Posts Tagged ‘kuryakyn’

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Several weeks ago I bought the Kuryakyn Faring Vent Cover and installed it on the bike. Shortly thereafter Harley Davidson came out with color matched covers for the flat black maw.  Had I known that they were coming out with the part I would have waited to get the Daytona Blue cover vice the chrome part. Don’t get me wrong, I like the look of the chrome on the fairing, but I think that the color matched would be better.

A few days ago I bought and installed the  Kuryakyn Tri-Line Gauge Trim.  I have the color matched inner-faring and it looks great but I just thought there was not enough contrast to make it really “POP”.  I looked at the “carbon fiber” insert from Harley but decided that just did not look good next to the blue.

Then I saw Tri-Line Gauge Trim on a Street Glide with a red (crimson?) painted fairing and tank.  Wow, because the chrome reflected the red it looked great to me.  I made the leap of faith that if it worked for a red bike my blue would be even better, LOL.

So following the same routine I used to prep the surface for the fairing vent (see this post) I installed the gauge trim. The photos really don’t do it any justice; in the garage it looks ok.  Out in the sun it look very nice and so far I have not had any issues with reflected sunlight and I ride away from the sun on both my morning and evening commutes.

 

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As I have noted in the past I really have not liked the appearance of the flat black maw that is one of the most noticeable features of the “Rushmore” motorcycles.  On the pearl/metal flake finish of the Harley Davidson Ultra Limited Daytona Blue paint, that flat black just plan sucked.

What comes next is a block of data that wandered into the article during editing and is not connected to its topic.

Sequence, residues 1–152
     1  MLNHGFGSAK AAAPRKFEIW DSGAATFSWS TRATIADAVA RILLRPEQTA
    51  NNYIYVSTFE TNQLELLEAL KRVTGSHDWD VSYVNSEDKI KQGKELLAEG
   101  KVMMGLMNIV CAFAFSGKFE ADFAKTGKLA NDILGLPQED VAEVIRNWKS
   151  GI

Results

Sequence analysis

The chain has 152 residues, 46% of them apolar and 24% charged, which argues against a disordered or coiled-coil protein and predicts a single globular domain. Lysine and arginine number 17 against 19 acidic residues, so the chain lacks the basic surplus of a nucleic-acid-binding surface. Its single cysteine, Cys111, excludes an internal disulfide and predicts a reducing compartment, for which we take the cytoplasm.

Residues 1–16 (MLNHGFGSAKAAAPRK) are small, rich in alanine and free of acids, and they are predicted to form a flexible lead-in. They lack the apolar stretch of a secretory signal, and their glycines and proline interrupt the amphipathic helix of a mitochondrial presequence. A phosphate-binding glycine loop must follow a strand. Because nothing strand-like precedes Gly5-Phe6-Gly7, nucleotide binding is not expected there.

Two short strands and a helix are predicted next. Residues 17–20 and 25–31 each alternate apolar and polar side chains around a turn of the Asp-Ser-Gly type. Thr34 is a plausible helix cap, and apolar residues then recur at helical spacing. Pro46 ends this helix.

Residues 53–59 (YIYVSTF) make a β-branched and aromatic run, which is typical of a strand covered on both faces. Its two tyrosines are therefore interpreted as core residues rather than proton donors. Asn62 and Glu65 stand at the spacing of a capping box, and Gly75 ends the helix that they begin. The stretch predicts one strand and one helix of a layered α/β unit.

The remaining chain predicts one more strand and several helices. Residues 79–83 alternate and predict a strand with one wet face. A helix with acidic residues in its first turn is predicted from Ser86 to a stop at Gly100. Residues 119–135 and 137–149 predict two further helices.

I finally got around to purchasing the Küryakyn Chrome “Fairing Vent Cover” to cover that atrocity. 

The installation was, for the most part, quite straight forward.  Clean the surface and press on the part so the 3M adhesive can adhere to the surface.  But, from past experience the key to making it stick long term is a “SUPER” clean surface.  The way I handle the cleaning of any surface that will be stuck with 3M adhesives is:

            1) Wait for a WARM day.

            2) Vigorous wipe down with soft clean cloth.

            3) Vigorous use of a glass cleaner and a clean cloth.

            4) After drying, a second vigorous use of glass cleaner and a clean cloth.

            5) Use of supplied alcohol wipes for final cleaning. 

After the cleaning I test fitted the part to make sure I understood where and how it was going to fit.  The instructions suggested using masking tape to mark where everything aligns but, in my case, that was not necessary.

The hardest part of installation was getting the little strip covers off the adhesive.  I don’t have the longest fingernails but I doubt that many folks could have peeled these cover off with ease.  I ended up using jewelry sized flat end screwdrivers to get the strip loose then tiny pliers to pull them off…. It took over 15 minutes to get a few strip off .

I am quite pleased with the appearance of the cover on my bike.  MUCH better than the OEM standard!